Prices of wheat might have started trending downwards as the global supply bottlenecks are smoothened, but the cereal is still expensive compared to last year.

A 2kg packet of wheat flour retailed at Sh144, an increase of 15 per cent from Sh126 in January last year.

The cost of production has gone through the roof, making Kenya's crops uncompetitive compared with those of its peers. [Kipsang Joseph, Standard]

A spike in global prices of palm oil due to limited supply triggered by unfavourable weather, infrastructure issues and the Covid-19 pandemic also pushed up the retail price of cooking oil.

A weakening shilling has not helped matters, given that Kenya is a net importer of such products as palm oil, wheat, rice, apples, sugar, fish, milk and some vegetables.

Consequently, over the last few months, prices of food have been on the rise, going up by 8.9 per cent in January. Yesterday, the high cost of food took a political twist on Twitter as both Deputy President William Ruto’s Kenya Kwanza Alliance and former Prime Minister Raila Odinga’s Azimio la Umoja blamed each for the high prices of foodstuffs.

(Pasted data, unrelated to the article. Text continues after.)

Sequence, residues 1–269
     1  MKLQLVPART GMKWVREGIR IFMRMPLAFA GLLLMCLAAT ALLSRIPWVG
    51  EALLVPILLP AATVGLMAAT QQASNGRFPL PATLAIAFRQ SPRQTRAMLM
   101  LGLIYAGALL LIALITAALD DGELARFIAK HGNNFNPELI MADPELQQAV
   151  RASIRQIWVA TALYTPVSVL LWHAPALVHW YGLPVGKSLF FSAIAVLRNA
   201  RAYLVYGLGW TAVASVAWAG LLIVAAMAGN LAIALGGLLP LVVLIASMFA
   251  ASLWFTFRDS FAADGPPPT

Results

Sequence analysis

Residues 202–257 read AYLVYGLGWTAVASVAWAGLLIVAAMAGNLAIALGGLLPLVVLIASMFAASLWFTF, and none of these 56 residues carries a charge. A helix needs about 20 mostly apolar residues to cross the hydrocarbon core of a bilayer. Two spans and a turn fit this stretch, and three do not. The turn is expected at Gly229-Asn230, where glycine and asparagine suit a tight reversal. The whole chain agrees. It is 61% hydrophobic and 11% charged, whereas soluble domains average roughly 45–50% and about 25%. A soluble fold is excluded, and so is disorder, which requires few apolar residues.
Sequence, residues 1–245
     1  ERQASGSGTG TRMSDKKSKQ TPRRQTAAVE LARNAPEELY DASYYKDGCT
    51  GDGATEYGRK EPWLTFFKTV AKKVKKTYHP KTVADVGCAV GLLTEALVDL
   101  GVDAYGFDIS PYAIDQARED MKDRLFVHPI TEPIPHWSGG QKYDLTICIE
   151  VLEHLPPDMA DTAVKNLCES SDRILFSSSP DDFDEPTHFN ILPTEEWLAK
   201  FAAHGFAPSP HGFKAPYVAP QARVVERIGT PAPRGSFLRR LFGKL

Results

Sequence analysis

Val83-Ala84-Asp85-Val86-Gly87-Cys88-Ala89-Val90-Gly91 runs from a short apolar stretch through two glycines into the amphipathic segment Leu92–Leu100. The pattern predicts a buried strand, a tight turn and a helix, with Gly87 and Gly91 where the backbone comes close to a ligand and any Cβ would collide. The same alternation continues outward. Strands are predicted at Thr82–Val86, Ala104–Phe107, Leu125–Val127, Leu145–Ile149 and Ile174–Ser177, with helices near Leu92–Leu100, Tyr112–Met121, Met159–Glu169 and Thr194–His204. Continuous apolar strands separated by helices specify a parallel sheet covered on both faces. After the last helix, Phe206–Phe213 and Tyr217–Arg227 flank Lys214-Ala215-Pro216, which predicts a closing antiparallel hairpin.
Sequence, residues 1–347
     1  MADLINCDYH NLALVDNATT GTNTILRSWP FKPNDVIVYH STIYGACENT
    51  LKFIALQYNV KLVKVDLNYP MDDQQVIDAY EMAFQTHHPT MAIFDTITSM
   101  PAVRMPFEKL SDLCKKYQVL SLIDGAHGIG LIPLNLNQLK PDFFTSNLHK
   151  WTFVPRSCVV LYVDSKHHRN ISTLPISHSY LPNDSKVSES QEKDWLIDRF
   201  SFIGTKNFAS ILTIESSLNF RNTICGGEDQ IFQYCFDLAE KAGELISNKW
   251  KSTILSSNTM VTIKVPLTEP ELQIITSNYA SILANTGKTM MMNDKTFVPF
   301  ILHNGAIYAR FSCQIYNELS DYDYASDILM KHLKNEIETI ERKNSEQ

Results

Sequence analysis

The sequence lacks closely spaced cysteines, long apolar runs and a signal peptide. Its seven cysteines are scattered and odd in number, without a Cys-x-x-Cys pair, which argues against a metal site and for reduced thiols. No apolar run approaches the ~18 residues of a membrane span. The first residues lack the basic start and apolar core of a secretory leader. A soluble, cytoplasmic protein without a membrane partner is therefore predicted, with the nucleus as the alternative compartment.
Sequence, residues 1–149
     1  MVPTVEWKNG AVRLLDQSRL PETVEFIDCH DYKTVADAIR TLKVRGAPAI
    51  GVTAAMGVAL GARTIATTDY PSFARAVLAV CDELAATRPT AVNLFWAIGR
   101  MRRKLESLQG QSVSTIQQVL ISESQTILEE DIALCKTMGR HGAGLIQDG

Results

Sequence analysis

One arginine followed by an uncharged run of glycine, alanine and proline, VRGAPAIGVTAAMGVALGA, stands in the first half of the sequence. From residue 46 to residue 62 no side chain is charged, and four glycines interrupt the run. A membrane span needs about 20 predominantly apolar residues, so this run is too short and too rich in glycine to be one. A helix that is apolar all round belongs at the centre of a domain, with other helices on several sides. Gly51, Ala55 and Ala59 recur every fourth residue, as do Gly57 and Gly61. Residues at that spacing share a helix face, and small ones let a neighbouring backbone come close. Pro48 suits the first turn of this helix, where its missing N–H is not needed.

Both camps have promised to reduce the cost of food as part of their campaign pledges aimed at wooing voters in the August 9 elections.

Eastern Africa Farmers Federation boss noted that the current crisis is not an event but a process. “However, one can’t help but blame the current state of affairs on government which he says has, for long, given lip service to agriculture,” said Mr Muchiri.

The government, he noted, has not made a significant investment in agriculture, a situation that has seen very little in terms of attracting foreign investment to this critical sector.

Muchiri said as part of short-term measures, the government should consider removing taxes on some of the inputs used for the production of key food crops.

Unfortunately, when the crops were infested with the fall armyworm, the government slapped a 16 per cent value-added tax (VAT) on pesticides. This tax ran for a full year. Agrochemical companies passed this cost to the producers who then passed it on to consumers.